Discussing The Long-Delayed Sandy Hook Report On WNPR’s “Where We Live”Posted: November 20, 2013
I had the honor and pleasure of appearing this morning as a guest on WNPR’s “Where We Live,” with host John Dankosky and regular guests Colin McEnroe, Mark Pazniokas and Matt Sturdevant. The topic: The long-delayed release by Danbury State’s Attorney Stephen Sedensky of the Sandy Hook investigation report.
There are two aspects of the discussion that I would like to take a moment to highlight. First, Colin McEnroe asked whether the Governor, even though he does not have direct control over our state prosecutors, has indirect control over them. The answer, I believe, is that he does have indirect control, through his appointment of the members of the Criminal Justice Commission, which appoints state prosecutors, and even through his own “bully pulpit.” But, I don’t think that indirect control allows him to exert meaningful pressure on Stephen Sedensky, the Danbury State’s Attorney, to get the Sandy Hook report completed and released to the public sooner rather than later. (Perhaps I am naive. But I don’t think the chairman of the Criminal Justice Commission, Supreme Court Justice Richard Palmer, or the other members of the commission, are puppets of the governor.)
Second, Mark Pazniokas mentioned the Sandy Hook 911 calls, which are the subject of a Freedom of Information Act case. Mr. Sedensky has refused to release tapes of the calls. There has been much speculation about the contents of those calls, particularly whether they include the sounds of gun shots and victims’ screams and cries.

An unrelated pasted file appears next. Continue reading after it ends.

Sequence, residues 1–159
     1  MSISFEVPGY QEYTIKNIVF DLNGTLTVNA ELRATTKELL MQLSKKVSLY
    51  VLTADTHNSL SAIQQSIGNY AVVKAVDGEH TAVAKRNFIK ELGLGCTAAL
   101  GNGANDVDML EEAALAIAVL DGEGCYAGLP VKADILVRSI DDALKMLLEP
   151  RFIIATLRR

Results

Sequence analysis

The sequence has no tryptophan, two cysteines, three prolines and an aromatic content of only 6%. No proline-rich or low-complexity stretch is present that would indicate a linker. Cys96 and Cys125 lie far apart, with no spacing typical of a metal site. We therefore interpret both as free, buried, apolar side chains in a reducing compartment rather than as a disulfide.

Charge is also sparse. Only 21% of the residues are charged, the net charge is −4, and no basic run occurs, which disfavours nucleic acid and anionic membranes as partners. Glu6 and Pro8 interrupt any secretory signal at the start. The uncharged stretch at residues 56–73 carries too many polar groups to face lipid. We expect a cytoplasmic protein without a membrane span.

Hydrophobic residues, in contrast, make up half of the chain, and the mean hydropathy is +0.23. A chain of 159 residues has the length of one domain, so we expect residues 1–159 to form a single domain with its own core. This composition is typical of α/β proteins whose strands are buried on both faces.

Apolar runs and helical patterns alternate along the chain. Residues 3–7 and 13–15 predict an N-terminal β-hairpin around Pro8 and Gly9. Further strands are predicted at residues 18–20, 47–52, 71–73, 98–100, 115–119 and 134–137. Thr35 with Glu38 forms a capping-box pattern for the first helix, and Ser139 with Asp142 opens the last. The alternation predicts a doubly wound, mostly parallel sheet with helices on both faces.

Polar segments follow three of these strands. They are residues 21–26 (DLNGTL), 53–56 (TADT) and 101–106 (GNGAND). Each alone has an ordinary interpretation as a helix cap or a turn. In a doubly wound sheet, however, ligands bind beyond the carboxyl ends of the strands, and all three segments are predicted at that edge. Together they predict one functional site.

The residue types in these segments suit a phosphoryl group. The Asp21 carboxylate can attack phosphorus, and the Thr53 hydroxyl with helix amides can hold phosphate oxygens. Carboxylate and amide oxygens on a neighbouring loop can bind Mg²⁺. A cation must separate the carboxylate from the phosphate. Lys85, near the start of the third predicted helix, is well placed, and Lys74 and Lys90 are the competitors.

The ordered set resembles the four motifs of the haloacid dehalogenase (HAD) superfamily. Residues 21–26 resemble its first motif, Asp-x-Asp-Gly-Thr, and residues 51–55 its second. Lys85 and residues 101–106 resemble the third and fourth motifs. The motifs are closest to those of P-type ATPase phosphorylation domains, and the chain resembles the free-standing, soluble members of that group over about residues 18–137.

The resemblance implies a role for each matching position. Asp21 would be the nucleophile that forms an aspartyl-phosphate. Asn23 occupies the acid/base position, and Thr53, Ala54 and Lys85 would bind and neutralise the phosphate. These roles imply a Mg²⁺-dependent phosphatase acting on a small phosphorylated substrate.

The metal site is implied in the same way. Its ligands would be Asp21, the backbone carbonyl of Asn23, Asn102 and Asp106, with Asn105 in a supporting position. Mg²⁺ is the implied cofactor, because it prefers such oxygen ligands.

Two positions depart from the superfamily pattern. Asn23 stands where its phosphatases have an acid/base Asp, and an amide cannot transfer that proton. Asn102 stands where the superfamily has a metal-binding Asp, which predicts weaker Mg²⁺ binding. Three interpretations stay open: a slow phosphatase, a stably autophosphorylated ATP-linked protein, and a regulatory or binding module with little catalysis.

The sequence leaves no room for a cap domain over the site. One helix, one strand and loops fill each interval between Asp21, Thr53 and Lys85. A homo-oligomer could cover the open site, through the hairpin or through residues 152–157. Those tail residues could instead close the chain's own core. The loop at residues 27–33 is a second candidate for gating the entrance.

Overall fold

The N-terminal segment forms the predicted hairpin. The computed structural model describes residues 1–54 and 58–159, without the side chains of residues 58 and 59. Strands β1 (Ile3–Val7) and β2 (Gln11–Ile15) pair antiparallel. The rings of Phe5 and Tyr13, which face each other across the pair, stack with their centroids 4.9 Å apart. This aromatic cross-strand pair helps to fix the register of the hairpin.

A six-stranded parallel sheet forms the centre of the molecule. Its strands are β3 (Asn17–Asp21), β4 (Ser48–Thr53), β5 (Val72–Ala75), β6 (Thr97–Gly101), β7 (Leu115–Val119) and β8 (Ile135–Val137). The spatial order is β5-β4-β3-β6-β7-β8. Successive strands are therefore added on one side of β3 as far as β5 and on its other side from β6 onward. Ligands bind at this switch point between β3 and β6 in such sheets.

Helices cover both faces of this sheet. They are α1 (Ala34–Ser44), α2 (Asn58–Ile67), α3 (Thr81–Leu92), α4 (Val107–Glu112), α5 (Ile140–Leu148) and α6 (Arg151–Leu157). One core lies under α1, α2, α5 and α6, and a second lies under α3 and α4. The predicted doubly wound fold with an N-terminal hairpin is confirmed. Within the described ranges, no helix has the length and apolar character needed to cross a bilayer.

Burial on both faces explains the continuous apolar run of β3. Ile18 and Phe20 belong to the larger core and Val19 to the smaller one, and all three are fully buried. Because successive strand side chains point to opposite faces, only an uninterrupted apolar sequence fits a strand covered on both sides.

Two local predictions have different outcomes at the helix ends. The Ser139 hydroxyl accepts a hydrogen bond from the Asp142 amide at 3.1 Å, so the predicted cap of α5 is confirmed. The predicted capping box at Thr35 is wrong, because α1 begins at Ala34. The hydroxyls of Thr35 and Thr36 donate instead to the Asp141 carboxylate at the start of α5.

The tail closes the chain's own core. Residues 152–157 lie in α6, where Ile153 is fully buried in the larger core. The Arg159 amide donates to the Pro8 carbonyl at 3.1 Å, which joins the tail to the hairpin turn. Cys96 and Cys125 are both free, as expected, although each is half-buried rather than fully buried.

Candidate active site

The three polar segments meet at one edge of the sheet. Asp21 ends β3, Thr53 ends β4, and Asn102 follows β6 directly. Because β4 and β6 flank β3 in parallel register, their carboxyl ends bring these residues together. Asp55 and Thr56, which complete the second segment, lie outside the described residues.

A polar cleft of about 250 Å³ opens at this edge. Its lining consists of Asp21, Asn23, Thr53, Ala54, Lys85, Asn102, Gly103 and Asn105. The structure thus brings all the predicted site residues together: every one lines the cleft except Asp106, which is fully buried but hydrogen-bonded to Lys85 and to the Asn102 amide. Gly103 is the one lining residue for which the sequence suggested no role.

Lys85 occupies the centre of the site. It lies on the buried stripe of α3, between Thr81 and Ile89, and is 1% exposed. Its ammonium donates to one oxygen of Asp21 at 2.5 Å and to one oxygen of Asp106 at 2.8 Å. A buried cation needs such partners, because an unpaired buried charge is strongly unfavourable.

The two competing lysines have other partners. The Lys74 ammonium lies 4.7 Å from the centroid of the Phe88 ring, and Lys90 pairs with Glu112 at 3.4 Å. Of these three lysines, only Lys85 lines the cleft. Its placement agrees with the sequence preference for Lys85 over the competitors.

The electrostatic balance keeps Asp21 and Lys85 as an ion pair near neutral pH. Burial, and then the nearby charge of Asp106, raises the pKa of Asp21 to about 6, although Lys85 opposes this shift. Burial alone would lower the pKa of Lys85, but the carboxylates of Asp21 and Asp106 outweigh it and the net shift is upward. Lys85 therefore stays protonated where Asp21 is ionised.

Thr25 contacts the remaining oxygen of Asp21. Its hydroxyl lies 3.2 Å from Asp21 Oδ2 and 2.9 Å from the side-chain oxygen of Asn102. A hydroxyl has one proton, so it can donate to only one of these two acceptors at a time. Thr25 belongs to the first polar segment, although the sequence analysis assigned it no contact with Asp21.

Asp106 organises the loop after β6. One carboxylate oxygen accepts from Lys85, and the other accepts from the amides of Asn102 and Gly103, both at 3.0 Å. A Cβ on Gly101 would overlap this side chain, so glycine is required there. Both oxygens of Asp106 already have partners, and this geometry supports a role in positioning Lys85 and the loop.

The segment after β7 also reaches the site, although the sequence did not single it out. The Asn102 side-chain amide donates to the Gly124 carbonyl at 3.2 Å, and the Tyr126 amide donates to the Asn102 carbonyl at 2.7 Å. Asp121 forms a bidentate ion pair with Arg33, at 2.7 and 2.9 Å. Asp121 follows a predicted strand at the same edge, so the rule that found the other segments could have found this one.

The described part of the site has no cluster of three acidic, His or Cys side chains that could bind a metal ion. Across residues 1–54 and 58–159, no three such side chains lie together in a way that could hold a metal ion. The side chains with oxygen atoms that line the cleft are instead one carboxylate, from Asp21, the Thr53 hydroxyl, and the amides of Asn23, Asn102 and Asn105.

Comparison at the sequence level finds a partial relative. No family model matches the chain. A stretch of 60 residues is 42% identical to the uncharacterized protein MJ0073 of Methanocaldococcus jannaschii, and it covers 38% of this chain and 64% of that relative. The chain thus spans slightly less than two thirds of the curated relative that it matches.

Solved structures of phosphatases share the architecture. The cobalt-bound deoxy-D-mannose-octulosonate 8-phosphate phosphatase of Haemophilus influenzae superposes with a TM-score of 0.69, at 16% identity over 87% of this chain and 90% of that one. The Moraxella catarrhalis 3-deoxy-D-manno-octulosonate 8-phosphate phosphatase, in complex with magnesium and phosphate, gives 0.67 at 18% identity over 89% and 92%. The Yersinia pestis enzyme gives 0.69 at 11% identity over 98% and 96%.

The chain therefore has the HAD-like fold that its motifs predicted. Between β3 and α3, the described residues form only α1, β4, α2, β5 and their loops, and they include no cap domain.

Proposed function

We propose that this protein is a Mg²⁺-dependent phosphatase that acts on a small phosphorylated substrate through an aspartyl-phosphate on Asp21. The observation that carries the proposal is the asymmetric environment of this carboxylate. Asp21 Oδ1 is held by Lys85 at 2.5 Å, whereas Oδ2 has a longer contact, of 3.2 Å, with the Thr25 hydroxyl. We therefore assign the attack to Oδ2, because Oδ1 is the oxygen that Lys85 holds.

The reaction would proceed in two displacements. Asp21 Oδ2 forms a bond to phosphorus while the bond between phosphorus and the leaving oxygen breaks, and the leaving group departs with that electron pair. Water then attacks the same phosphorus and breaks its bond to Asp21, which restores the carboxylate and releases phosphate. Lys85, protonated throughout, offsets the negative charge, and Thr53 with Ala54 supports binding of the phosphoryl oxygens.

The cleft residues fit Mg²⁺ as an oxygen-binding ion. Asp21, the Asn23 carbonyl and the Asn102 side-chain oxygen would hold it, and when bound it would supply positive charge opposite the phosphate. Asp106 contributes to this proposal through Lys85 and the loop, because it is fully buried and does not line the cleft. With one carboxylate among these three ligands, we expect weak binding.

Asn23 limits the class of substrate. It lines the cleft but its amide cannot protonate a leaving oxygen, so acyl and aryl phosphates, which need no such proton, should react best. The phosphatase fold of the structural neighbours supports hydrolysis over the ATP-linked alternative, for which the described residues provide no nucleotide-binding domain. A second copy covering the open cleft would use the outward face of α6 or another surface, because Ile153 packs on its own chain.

I don’t know what the 911 calls contain. Significantly, neither does Mr. Sedensky, who testified in the FOIA case that he had not listened to them. If the calls are ultimately released, we should not be surprised if we learn that the speculation about their contents was overblown, at least with respect to many of the calls.
UPDATE: Nov. 20 at 8:33 pm
The Danbury New-Times has just published a major story quoting sources who have listened to about nine of the Sandy Hook 911 calls. The paper reports that, according to the sources, “there are no anguished cries of children” on the tapes. What is heard, however, is someone from Newtown police headquarters telling the first responders to “wait” before entering the school. The paper also reports that the first responders told to wait may have been medical personnel, not police.
The rumor that first responders did not enter the school immediately has been floating around for many months. Assuming the rumor is true, and that it relates to police officers, not medical personnel, I take no position on whether that delay was appropriate or not. I have no expertise on that issue. But the delay in releasing the 911 tapes containing this information is sure to fuel arguments that the police and Danbury State’s Attorney’s office have intentionally sought to keep this information from the public and that they have done so by misleading the public about the contents of the tapes.